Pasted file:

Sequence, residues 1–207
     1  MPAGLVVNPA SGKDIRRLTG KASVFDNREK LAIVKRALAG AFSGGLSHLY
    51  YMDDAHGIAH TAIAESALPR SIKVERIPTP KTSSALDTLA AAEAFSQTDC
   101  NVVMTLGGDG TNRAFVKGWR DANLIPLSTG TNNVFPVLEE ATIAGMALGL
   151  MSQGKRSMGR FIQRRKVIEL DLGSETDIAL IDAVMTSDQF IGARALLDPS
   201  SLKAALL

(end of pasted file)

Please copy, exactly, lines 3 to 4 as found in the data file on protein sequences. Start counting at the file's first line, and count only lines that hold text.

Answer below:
    51  YMDDAHGIAH TAIAESALPR SIKVERIPTP KTSSALDTLA AAEAFSQTDC
   101  NVVMTLGGDG TNRAFVKGWR DANLIPLSTG TNNVFPVLEE ATIAGMALGL